They aren’t wearing white lab coats, but there are already young citizen scientists collecting data at Front Lake at Carl Sandburg Home National Historic Site. On April 27, the Kids in Parks program opened its first Citizen Science TRACK Trail designed to engage kids in learning and caring for the park’s ecosystem while helping staff researchers and natural resource managers.
Citizen Science is a new approach to data collection that enlists the public’s help in making observations and taking readings for studies and research. With the new trail, children and families can get in on the action. Kids follow a new brochure to locate marked stations around the lake, where they perform observations and experiments such as taking air and water temperature readings and using tools to measure the pH of the lake. In addition to helping researchers, the children learn new skills related to environmental science, connecting the dots between outdoor adventures and protecting natural resources.
“We’re extremely excited to have the Kids in Parks program’s first Citizen Science-based TRACK Trail here at Carl Sandburg,” said Sarah Perschall, Chief of Visitor Services at Carl Sandburg. Park staff and the Kids in Parks team collaborated to create the site-specific brochure and experiment stations.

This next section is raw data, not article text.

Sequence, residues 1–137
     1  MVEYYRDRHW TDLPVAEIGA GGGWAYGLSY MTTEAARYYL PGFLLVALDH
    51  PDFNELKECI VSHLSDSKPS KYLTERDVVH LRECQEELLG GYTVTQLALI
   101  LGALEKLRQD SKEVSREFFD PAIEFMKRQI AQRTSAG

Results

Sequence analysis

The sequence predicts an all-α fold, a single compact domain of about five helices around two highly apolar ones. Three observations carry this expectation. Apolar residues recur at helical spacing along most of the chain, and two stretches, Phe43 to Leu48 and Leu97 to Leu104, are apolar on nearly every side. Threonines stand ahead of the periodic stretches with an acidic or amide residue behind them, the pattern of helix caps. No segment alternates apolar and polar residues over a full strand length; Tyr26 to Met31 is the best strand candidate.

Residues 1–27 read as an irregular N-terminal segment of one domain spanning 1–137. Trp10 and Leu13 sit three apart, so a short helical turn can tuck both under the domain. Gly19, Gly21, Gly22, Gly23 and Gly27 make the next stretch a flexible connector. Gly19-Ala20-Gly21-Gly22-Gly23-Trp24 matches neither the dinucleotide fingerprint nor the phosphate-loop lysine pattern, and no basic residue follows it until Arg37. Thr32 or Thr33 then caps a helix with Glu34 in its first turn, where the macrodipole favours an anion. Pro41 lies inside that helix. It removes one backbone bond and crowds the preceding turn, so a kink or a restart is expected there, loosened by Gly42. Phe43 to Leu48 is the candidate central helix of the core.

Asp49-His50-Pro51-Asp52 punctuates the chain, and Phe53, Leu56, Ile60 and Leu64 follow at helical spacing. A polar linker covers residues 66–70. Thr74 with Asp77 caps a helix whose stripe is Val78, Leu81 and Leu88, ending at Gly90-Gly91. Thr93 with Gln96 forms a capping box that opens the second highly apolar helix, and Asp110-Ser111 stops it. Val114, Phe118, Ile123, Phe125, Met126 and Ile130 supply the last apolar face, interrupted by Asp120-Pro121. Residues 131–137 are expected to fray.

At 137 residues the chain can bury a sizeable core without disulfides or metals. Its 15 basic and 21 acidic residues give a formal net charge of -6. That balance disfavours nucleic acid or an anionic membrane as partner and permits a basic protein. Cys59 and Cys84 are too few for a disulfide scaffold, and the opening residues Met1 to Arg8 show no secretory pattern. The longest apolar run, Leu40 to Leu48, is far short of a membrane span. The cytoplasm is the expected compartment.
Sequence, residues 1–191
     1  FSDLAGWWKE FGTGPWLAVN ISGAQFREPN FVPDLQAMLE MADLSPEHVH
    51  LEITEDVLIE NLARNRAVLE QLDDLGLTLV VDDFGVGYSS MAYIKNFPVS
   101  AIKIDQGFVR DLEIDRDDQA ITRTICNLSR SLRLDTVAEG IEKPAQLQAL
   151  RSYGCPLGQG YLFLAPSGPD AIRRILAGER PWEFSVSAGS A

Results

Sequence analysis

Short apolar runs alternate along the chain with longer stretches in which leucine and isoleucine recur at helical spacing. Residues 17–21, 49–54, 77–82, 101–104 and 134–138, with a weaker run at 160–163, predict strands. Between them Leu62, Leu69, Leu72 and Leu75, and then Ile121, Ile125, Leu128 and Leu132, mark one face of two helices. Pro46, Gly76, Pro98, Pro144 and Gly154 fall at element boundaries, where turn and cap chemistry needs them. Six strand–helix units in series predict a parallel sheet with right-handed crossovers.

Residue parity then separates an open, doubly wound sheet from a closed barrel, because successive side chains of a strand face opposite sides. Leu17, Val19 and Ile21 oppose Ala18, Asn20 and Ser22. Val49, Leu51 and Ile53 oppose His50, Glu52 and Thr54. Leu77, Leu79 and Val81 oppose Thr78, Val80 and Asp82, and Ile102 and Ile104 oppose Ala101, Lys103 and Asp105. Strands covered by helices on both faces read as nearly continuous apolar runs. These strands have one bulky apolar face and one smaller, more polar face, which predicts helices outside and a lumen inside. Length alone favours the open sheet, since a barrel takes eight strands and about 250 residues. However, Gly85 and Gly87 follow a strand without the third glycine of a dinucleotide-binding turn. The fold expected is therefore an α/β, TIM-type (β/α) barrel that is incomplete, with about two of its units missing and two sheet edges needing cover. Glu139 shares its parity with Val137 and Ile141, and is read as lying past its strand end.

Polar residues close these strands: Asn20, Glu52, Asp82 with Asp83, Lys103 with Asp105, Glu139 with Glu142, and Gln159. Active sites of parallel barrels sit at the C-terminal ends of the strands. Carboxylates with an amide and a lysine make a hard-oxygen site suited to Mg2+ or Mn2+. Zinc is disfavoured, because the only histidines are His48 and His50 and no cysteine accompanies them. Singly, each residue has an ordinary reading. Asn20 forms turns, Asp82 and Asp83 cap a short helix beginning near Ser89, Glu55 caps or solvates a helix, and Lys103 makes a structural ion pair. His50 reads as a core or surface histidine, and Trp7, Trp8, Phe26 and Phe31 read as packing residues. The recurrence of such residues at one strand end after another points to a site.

Fourth grade students from Liberty Preparatory Christian Academy in Mooresville, N.C., were the first children to explore the newly completed trail at the grand opening. “The kids had a blast going from station to station to collect data,” said Adam Roades, an Interpretive Graphic Designer for the Kids in Parks program. “I never could have imagined how excited kids would be to take a water temperature reading.”
Perschall also witnessed the students’ enthusiasm. “It was fun to see the kids interact with the experiment stations, and I know our team of resource managers and scientists are going to be thrilled to receive the data kids collect during their adventures around the lake,” she said.
That’s right: the kids’ findings will have an impact on the park’s health. They can submit their observations and data to the Carl Sandburg staff by registering their scientific journey at kidsinparks.com. Scientists from the park can then download the data and monitor the health of the lake over time.
“Over the past six years, we have created a network of TRACK Trails designed to get kids and families unplugged, outdoors and reconnected to our parks,” said Jason Urroz, Director of Kids in Parks. “I think our Citizen Science TRACK Trails can only add to that connection. And, who knows? Maybe some of them will become scientists, or rangers, or ranger scientists.”
Kids in Parks will be launching new Citizen Science TRACK Trails in the future.